Apple Moves to Dismiss FairPlay Antitrust Lawsuit

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Apple wants RealPlayer antitrust lawsuit dumpedApple has asked a Federal Court judge to dismiss an antitrust lawsuit that claims the company manipulated the FairPlay copy protection in iTunes Store music to intentionally block RealNetworks from loading music onto iPods. The lawsuit was filed in 2005, and just last month Apple CEO Steve Jobs was ordered to provide a deposition in the case.

The consumer-initiated lawsuit followed a change in Apple’s software that came only days after RealNetworks introduced its Harmony application that could load music that was purchased from its own service onto an iPod, bypassing the iTunes Store. At the time, music purchased from Apple included FairPlay digital rights management copy protection that was supported only by the iPod.

When Apple updated its FairPlay DRM, Harmony couldn’t load music onto iPods.

Now that Mr. Jobs’s deposition is complete, Apple’s legal team is asking the court to dismiss the case, according to Bloomberg. The company claims it made the change to its software to ensure that customers received the best possible user experience.

“Apple’s view is that iPods work better when consumers use the iTunes jukebox rather than third party software that can cause corruption or other problems,” Apple attorney Robert Mittelstaedt told the court.

The decision to change the software followed 58 complaints Apple received from customers having issues downloading music from other services.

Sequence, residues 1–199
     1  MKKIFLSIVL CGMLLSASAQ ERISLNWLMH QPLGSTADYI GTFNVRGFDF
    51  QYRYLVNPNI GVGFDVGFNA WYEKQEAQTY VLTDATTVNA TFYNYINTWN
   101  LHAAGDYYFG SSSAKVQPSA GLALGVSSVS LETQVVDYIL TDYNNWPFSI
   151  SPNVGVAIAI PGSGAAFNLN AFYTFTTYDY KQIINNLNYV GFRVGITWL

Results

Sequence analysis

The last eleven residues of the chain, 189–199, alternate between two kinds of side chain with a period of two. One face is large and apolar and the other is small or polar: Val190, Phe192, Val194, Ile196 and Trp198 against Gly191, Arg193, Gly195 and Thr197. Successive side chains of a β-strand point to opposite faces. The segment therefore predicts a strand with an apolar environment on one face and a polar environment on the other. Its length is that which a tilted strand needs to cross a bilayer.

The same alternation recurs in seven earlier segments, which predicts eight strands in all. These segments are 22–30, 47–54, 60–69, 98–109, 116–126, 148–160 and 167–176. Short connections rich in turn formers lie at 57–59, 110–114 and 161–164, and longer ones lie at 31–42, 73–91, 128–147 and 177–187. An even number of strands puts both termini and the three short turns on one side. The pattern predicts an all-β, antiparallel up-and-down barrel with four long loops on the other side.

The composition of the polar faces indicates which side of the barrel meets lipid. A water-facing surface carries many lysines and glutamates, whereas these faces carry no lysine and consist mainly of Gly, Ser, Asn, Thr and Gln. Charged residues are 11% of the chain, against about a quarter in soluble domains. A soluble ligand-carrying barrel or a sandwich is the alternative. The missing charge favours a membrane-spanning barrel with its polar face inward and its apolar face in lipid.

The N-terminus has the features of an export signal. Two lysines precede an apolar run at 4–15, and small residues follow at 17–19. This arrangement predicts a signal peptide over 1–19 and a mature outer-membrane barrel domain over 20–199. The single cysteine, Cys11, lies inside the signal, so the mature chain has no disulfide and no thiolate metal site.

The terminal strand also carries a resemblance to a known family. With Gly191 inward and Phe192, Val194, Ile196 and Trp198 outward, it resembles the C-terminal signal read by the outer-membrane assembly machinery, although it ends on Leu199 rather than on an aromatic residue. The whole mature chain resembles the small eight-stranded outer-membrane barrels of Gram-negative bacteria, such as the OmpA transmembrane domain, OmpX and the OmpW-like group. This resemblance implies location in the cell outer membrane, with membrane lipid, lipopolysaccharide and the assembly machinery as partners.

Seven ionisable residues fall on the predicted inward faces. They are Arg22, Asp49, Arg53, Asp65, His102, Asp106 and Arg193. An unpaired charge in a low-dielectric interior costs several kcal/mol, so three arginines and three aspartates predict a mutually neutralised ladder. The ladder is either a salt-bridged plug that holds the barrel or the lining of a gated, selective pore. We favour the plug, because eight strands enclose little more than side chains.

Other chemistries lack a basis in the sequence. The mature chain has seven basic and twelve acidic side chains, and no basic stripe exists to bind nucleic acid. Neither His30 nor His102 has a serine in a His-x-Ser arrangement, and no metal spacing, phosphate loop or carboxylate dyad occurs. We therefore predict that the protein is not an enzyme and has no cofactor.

U.S. District Court Judge James Ware, who is hearing the case, said he will issue a ruling on Apples motion to dismiss in May. Apple hasn’t commented on the lawsuit.

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Comments

Rob

Let me preface this by saying I don’t anything about FairPlay or how it is supposed to work…but if Apple implemented FairPlay to standards and the other services implemented FairPlay to standards, why would there be issues downloading music from the other services to the iPod?

Lee Dronick

Might as well get this out of the way right now so that we can get in with the discussion:

Welcome to their online store selling cheap knockoffs.

Icesnake

?Apple?s view is that iPods work better when consumers use the iTunes jukebox rather than third party software that can cause corruption or other problems,? Apple attorney Robert Mittelstaedt told the court.

That’s a nice way to rephrase “It was Apple’s intention to prevent third-party vendors from selling music to iPod owners through the use of anti-competitive technological measures.”

Lee Dronick

That?s a nice way to rephrase ?It was Apple?s intention to prevent third-party vendors from selling music to iPod owners through the use of anti-competitive technological measures.?

I have had no problem getting music from sources other than the iTunes Store into iTunes and then on to my iPods. I can download MP3s to disk and then import them into iTunes or rip CDs that I have bought.

Rob

I can download MP3s to disk and then import them into iTunes or rip CDs that I have bought.